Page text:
A Cup of Tea Story Analysis

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The story "A Cup of Tea" was written in 1922, shortly before the death of the writer (she passed away in 1923). In a story with a subtle psychological component, a woman always remains a woman, and remembering this, she can achieve a lot. The writer's light syllable and narrative talent make reading interesting and unobtrusive. Katherine Mansfield had a unique ability to write very confidentially, subtly, and frankly, but very vividly and figuratively conveyed in this short story the facets and motives of the main character's behavior. The author's ironic hints and soft accents provoke the reader to an unambiguous assessment of the heroine's actions. The illusion of "sisterly love" divorced, giving way to reality, in the current situation, warmed up by a short remark from the husband of the main character, it could not be otherwise.

The Story and Its Analysis

Katherine Mansfield, pseudonym of the writer Kathleen Beauchamp, was born in New Zealand and is the pride of this country. At the time of her death, many of her works were not published, only then, after some time, did her novels see the light. Rosemary Fell, not a beauty, but still a rather attractive girl, successfully married a really very rich gentleman. He does not spare money for her, Rosemary allows herself any purchases, including antiques, and spared no money to buy a trinket. Talking about the high cost of the little thing, a poor girl approached her and asked for a few coins to eat, or rather drink a cup of tea (Mansfield 54). Enlightenment comes to Rosemary, because of how wonderful it will be to pass for a patron of the arts and do good to a poor girl. Aristocratic society will be amazed at Rosemary's nobility

Here, Rosemary’s husband Philip appears on the stage, a truly smart man. Perfectly knowing his generally not very smart wife, he turned the whole situation upside-down with just one phrase, perhaps, being a subtle psychologist. It was useless to swear at his wife or try to explain to her the baseness of her plan, but playing on the ancient instinct was the wisest decision. Everyone seems satisfied, and Philip let Rosemary buy her expensive trinket (Mansfield 60-61). Philip, probably realizing that Rosemary attempts to prove herself on another person’s account, however, disapproves of such behavior.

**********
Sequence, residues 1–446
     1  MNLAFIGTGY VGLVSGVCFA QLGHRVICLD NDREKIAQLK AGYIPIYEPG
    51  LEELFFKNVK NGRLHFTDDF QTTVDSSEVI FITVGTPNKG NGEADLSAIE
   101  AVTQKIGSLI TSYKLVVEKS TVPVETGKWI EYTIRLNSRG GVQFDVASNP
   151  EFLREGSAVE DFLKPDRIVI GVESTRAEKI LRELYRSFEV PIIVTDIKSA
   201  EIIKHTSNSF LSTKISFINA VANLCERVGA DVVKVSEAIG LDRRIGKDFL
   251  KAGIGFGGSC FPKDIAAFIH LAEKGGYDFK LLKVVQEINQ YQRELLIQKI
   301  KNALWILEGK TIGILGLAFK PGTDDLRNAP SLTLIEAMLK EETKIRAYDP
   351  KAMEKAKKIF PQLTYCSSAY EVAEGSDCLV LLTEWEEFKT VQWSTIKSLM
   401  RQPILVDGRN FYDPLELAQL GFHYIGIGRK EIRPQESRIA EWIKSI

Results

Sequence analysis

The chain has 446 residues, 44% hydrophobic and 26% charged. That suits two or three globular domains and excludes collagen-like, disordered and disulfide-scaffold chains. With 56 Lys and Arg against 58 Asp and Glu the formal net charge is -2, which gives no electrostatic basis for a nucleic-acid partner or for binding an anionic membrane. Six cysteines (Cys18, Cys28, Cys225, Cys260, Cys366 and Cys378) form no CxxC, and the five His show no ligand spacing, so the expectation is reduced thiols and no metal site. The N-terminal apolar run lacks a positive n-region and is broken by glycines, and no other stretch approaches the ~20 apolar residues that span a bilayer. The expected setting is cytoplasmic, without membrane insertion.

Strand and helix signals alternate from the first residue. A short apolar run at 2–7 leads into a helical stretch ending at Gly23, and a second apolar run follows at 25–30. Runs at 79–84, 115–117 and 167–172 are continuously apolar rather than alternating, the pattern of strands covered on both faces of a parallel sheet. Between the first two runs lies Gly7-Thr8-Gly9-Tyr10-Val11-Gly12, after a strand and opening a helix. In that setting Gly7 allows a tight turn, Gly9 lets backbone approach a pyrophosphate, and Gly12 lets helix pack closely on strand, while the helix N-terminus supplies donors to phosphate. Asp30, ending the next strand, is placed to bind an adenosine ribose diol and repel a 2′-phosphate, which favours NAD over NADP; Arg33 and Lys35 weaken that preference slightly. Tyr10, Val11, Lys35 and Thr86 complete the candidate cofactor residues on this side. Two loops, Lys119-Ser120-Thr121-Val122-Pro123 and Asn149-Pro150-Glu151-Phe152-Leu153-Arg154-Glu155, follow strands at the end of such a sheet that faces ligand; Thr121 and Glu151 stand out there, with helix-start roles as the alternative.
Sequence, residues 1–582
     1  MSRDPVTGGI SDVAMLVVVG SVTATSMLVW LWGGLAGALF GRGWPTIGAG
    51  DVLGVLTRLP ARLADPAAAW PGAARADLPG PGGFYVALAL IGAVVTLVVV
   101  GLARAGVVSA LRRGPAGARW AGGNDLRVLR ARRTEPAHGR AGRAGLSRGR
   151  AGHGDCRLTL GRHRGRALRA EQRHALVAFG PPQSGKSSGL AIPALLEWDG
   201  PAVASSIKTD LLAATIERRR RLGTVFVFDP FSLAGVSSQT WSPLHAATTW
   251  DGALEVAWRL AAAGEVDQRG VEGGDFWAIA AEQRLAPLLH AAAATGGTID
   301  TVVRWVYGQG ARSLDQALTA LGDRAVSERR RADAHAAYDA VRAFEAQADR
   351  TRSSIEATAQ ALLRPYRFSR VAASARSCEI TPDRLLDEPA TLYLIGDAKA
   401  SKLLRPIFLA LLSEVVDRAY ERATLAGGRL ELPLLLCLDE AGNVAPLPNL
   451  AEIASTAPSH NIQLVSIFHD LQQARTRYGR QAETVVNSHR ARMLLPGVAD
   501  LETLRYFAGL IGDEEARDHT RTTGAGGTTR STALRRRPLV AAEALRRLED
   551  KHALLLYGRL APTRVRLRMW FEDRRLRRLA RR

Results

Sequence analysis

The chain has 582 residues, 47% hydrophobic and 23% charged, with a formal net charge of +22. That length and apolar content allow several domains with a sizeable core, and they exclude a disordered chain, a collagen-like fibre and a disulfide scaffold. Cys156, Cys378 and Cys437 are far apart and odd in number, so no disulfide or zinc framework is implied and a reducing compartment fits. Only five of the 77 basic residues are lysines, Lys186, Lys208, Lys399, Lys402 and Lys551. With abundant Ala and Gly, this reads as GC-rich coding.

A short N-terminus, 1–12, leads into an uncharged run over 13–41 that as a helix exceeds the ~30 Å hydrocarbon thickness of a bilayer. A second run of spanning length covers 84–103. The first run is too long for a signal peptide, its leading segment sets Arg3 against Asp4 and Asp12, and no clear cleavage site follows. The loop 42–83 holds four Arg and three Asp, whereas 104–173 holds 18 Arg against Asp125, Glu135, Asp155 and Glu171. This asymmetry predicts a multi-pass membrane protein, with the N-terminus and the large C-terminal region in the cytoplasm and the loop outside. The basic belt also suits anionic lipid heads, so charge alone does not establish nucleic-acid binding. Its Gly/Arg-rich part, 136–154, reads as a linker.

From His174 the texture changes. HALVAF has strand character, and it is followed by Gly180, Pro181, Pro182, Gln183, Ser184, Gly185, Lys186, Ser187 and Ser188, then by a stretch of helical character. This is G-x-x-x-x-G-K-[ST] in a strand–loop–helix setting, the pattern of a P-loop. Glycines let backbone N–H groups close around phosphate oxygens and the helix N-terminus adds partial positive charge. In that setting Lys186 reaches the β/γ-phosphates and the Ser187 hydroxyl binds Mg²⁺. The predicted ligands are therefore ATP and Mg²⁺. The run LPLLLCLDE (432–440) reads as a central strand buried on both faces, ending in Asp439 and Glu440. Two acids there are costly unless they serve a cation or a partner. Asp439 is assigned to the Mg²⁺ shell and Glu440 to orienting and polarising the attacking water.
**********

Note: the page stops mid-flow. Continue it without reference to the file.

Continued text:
The moments associated with Rosemary's sketches are beautifully conveyed, it was believed that she organically entered her role and would drag it out for a very long time. Everything in the story is realistic and is relevant to any society where there is inequality and where someone is forced to ask for help from those who are already tired of eating black caviar and washing it down with expensive champagne (Asmarani 49-50). Although Rosemary attempted to help the poor girl out, it is evident that her intentions were rather selfish, hence, Mansfield does not picture Rosemary as good by any means.

The story is written in a beautiful style, it is read quite easily and with interest, holding an intrigue till the last moment. From the very beginning, doubt creeps in about the spoiled Rosemary Fell, it is funny when she offered tea with brandy to the starving girl because the child says that she will now faint from hunger, and she is offered to warm herself with alcohol. It is not at all casual that this moment is written out in the short story, everything immediately falls into place (Asmarani 53). One peculiar point in the story is that Mansfield masterfully contrasts kindness and selfishness, two characteristics that do not exactly fall into the same dimension.


To sum up the above, the story "A Cup of Tea", by Katherine Mansfield rates the highest mark. It is a work with meaning, worthwhile, and original, if you like the genre of prose and have a desire to join the work of a talented writer. Moreover, there is an audio version of this work on the Internet. Very high-quality prose, the plot may not be new. Many works are recalled when rich people decided to play charity. It was not a stupid person who came up with the saying that it is impossible for a rich man to understand a poor man, and a well-fed man cannot understand a hungry man.

Works Cited

Asmarani, Ratna. "The Psychological Character of Rosemary Fell in Katherine Mansfield’s Short Story Entitled "A Cup of Tea"." Culturalistics: Journal of Cultural, Literary, and Linguistic Studies, vol. 2, no. 2, 24 May. 2018, pp. 49-55 , https://ejournal2.undip.ac.id/index.php/culturalistics/article/view/2552. Retrieved 13 Jun. 2022.

Mansfield, Katherine. The Doves' Nest: And Other Stories. FB&C Limited, 2017, pp. 50-64.

June 15, 2022
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